Polls show Christie dropping out will likely help Haley in New Hampshire

Christie and Haley drew support from similar blocs of the electorate, and Christie supporters like Haley as their second choice.

Chris Christie may think that Nikki Haley is going to get “smoked” by Donald Trump, but a large segment of his supporters in New Hampshire are prepared to vote for her now that Christie is out of the presidential race.

Christie’s abrupt exit on Wednesday, 13 days before the first-in-the-nation primary, left his rivals scrambling for the small-but-significant share of Trump-skeptical voters who have told pollsters they would vote for the former New Jersey governor.

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New polling out of New Hampshire this week offered an immediate answer as to which candidate would most likely benefit: Haley, the former South Carolina governor and ambassador to the United Nations who’s been drawing from a similar pool of voters as Christie.

Because Christie was so low in the polls, the sample sizes of GOP primary voters who picked him as their first choice are small. But the numbers are clear.

In a CNN/University of New Hampshire poll released Tuesday, Christie stood at 12 percent, a distant third place behind Trump (39 percent) and Haley (32 percent). But nearly two-in-three Christie supporters, 65 percent, picked Haley as their second choice.

That’s far more overwhelming than how some of the other candidates’ backers would disperse themselves. Among Haley voters, Christie was the top second choice at 38 percent, but 21 percent picked Florida Gov. Ron DeSantis and 15 percent chose Trump. Among Trump voters, the top second choice was businessperson Vivek Ramaswamy (38 percent), who was in fifth place overall.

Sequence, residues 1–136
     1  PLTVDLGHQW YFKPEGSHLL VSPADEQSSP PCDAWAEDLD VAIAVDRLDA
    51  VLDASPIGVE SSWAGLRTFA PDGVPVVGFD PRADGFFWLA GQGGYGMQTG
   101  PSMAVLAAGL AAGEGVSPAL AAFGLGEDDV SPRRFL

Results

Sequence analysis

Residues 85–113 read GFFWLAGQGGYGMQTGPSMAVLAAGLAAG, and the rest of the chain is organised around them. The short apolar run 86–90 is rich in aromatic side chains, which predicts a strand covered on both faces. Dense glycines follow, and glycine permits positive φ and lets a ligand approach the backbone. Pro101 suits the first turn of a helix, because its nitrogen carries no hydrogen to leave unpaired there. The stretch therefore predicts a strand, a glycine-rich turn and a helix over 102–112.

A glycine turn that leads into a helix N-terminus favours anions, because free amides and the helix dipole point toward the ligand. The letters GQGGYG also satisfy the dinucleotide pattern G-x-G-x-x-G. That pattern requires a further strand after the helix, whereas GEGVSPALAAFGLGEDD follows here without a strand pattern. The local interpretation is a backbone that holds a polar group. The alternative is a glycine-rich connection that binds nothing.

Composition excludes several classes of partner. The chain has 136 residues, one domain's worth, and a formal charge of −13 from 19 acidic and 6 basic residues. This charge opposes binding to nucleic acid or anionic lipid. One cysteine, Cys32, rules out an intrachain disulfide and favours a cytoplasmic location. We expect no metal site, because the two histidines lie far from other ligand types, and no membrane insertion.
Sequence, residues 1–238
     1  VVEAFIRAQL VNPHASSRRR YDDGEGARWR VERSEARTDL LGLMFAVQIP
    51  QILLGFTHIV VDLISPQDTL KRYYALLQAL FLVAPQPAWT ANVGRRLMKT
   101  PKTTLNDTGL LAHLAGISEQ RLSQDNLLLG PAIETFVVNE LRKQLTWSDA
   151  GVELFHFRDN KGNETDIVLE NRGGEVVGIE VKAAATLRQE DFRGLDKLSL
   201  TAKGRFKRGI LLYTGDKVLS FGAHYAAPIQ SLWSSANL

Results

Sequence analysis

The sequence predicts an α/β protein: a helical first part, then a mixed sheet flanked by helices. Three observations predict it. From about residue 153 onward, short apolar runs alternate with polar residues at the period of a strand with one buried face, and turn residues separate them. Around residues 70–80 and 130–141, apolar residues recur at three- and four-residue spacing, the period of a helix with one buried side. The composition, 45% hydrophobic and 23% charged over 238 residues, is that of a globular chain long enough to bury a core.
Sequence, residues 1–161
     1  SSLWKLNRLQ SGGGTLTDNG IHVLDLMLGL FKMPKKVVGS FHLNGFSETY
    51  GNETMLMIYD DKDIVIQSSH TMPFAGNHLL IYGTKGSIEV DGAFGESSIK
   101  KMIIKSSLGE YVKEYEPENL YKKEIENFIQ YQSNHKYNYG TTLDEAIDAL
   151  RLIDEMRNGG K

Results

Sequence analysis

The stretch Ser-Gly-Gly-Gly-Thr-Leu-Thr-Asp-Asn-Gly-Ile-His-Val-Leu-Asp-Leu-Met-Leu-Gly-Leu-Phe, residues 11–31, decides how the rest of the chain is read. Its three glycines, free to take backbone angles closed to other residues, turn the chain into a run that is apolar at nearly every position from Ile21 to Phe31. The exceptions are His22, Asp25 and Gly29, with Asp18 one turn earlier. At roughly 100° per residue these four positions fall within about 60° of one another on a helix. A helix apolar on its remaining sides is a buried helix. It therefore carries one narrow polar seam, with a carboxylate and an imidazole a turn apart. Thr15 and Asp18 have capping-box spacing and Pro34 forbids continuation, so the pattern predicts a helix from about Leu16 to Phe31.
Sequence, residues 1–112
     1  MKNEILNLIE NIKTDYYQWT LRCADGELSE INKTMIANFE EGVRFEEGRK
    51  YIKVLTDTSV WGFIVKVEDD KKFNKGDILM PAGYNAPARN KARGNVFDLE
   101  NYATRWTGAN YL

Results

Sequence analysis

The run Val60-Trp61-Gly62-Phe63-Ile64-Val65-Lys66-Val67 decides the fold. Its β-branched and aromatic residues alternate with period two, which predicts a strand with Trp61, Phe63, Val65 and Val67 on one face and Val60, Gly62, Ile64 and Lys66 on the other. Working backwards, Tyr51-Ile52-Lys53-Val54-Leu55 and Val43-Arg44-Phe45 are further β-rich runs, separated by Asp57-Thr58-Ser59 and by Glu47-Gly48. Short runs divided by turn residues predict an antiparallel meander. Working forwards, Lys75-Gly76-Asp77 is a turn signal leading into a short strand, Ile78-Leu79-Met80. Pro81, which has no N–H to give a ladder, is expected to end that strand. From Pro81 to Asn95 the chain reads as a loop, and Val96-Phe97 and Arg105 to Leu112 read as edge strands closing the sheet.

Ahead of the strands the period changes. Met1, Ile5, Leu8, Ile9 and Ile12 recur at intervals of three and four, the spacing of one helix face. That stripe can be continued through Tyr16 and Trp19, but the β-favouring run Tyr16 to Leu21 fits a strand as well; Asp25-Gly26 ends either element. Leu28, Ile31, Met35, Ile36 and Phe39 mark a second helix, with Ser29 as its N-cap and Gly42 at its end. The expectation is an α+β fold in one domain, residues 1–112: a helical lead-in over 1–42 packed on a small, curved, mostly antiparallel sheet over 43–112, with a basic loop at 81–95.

Another sign Haley would likely benefit from Christie’s departure: The two candidates are drawing from similar blocs of the electorate, though Haley’s appeal is both deeper and broader. Among likely primary voters who aren’t registered with a political party, Haley (43 percent) and Christie (23 percent) were the top two candidates, leading Trump (17 percent). They’re also the top two candidates among voters who described their ideology as moderate or liberal.

Similarly, in a Suffolk University/USA Today/Boston Globe poll, also released on Tuesday, roughly half of Christie’s supporters, 48 percent, went to Haley on their second choice. But nearly as many said they were undecided or would support another candidate.

Next week’s Iowa caucuses won’t be affected by Christie’s announcement — he wasn’t campaigning there and didn’t register in the polls. But Haley’s previously slim chances to overtake Trump in New Hampshire likely hinge on both momentum out of Iowa and gobbling up Christie’s share of the vote in the Granite State.